or
"Lanky Jones" and "Extra Kilo Jones".

We also create the potential for change.
Suppose we chose "Lynda Jones 69" for one of our teachers and she objected
to this designation. We would go the Teacher Table and change her name to
"Lynda Jones 666 " or whatever. If we were using arbitrary numbers to
create unique designations and Lynda Jones was number 69, then what? Change
the program? Delete and recreate Lynda Jones?

Now, let's apply our solutions to Schools and Classes rather than Schools
and Teachers, something we are likely to do in addressing elementary school
timetables. Shall we have two Class 87's (typically the seventh grade eight
class) differentiated by number, say, Class 87 - 87 and Class 87 - 88?
Would this confuse anyone?

--
Lyle
(for e-mail refer to http://ffdba.com/)
Nov 13 '05 #13

P: n/a
Lyle,
I misunderstood. Most of my designs include an arbitrary row id useful to
me when I need to uniquely identify a row. They also include any additional
columns needed to ensure I capture my customer's identifiers for an instance
of an entity. These days most of the databases I work with have been in
production for some time and it is not possible to revisit the means by
which an instance of an entity is uniquely identified. So if I need
something of my own I tack it on to the existing attributes of the entity.
The thing I misunderstood is that you were posting a theoretical question.
I'll go back and re-read the thread.

"Lyle Fairfield" <Mi************@Invalid.Com> wrote in message
news:Xn*******************@130.133.1.4...
"Alan Webb" <kn*****@hotmail.com> wrote in
news:6w*****************@news.uswest.net:
Lyle,
As you are discovering, people don't have attributes that easily lend
themselves to an elegant significant primary key. We are all so alike.
Your school has an Employee ID that they issue for payroll purposes
which will uniquely identify a teacher. I'd use that, if it can be made
available to your database. Otherwise, creating an arbitrary key like
an autonumbered RowID and printing it in your reports with the teacher's
name should be enough.
I made my original post to show a use for views. Views do not seem to be
discussed here, nor in MS's ADP group to any great extent. My example

shows how a view can be indexed, and how the nature of a so called many-to-many
relationship between two tables can be constrained in this way.

I was not asking for advice about how to identify teachers uniquely. In
twenty-years of working with desktop databases I have learned how to do
that. I have also learned that a solution that the database engine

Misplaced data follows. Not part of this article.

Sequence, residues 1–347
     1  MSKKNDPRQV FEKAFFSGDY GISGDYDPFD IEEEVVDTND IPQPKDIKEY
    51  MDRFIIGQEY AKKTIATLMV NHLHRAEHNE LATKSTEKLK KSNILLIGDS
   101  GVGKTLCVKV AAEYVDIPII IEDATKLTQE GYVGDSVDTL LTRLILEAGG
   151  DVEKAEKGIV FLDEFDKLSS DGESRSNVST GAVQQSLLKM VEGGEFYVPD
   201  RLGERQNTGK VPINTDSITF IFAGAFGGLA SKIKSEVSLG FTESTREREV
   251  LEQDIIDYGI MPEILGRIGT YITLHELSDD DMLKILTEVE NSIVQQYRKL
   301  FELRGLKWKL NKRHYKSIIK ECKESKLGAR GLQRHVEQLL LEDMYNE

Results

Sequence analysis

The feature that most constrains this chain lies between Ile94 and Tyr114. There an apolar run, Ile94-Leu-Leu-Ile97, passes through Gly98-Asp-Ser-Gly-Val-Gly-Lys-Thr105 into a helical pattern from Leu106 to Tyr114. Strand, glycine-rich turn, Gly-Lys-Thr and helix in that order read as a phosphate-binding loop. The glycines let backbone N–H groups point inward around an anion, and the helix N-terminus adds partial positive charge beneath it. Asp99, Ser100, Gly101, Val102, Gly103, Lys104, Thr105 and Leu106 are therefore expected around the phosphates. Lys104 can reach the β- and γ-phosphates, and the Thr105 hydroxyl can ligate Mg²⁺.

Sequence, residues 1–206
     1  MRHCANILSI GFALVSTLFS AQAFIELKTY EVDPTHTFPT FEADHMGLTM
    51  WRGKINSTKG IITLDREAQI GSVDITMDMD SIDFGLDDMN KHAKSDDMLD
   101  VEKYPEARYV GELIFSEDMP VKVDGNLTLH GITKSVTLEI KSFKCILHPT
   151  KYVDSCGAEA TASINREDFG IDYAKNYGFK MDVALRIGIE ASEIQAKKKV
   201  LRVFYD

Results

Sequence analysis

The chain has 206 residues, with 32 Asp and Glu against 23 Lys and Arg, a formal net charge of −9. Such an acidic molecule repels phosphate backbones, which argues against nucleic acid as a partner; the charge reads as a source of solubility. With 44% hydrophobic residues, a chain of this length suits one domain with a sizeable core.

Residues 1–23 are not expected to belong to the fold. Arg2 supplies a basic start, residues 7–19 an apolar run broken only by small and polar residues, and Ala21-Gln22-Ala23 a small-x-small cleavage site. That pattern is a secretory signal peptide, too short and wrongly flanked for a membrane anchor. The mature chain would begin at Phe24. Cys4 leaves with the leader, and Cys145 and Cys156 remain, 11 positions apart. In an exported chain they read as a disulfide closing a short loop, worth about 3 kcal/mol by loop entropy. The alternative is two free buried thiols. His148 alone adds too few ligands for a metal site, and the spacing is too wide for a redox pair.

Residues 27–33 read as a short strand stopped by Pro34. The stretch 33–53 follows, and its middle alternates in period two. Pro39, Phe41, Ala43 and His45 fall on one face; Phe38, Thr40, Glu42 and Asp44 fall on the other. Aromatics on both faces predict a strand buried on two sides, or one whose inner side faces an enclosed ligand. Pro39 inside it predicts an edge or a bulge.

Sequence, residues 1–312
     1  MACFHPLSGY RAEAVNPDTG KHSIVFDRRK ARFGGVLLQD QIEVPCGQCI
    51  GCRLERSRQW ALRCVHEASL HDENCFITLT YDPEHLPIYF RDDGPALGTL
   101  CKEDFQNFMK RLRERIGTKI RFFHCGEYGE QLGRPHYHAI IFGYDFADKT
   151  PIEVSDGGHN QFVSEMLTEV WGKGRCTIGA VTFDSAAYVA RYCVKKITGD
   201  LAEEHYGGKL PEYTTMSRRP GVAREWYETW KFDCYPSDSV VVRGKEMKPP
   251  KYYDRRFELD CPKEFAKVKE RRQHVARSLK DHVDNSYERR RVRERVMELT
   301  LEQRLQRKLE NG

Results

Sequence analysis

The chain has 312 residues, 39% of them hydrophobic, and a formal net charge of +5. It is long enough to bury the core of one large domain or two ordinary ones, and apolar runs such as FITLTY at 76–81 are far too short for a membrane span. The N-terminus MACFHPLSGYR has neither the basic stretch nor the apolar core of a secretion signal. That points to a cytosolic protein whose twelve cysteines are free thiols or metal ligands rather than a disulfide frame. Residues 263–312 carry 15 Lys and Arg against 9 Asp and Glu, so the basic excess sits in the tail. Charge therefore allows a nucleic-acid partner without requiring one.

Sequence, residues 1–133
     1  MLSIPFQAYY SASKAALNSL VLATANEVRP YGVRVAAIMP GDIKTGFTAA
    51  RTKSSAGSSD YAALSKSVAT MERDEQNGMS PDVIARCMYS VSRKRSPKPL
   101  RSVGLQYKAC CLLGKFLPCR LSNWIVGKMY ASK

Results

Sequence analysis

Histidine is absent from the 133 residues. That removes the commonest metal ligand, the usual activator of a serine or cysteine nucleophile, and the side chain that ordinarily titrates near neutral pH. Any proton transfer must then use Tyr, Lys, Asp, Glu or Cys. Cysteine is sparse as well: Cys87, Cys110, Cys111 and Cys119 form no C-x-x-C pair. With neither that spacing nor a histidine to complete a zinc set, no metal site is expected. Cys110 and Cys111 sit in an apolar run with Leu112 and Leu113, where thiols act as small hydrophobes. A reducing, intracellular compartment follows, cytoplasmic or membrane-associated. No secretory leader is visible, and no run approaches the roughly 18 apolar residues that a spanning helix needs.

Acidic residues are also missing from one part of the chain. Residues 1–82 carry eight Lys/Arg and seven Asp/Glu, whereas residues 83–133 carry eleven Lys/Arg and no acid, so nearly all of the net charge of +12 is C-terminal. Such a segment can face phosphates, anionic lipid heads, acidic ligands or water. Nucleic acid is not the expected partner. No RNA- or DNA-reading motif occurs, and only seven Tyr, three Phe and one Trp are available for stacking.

understands and can use, is not necessarily a solution that a system of
humans can understand and use.

Of course, publishing teachers' payroll numbers is out of the question.

I cannot imagine that distributing timetables to a school's community, with one sheet being for teacher
Lynda Jones (406)
and another for
Lynda Jones (214 763)
is an administratively sound idea.

Nor would I wish to contribute to the bewilderment of 13 year olds by
giving them a time table which indicated they attended
Lynda Jones (406) for science at 09:40
and
Lynda Jones (214 763) for social science at 13:00.

Not would I wish to explain to parents that they had actually interviewed
the wrong Lynda Jones about the wrong Esmeralda, (these incidents actually
happen), and that it was unnecessary to lengthen Esmeralda's skirts.

Of course, we ARE going to attach a unique identifier to each of the names, Lynda Jones. But the solution of the unique index - unique name requires a
human created unique identifier, one which, if one has any faith in humans, will be appropriate for that school. So we may have
"Lynda Jones 406" and "Lynda Jones 214 763"
or
"Lynda A Jones" and "Lynda B Jones"
or
"Lanky Jones" and "Extra Kilo Jones".

We also create the potential for change.
Suppose we chose "Lynda Jones 69" for one of our teachers and she objected
to this designation. We would go the Teacher Table and change her name to
"Lynda Jones 666 " or whatever. If we were using arbitrary numbers to
create unique designations and Lynda Jones was number 69, then what? Change the program? Delete and recreate Lynda Jones?

Now, let's apply our solutions to Schools and Classes rather than Schools
and Teachers, something we are likely to do in addressing elementary school timetables. Shall we have two Class 87's (typically the seventh grade eight class) differentiated by number, say, Class 87 - 87 and Class 87 - 88?
Would this confuse anyone?

--
Lyle
(for e-mail refer to http://ffdba.com/)

Nov 13 '05 #14

This discussion thread is closed

Replies have been disabled for this discussion.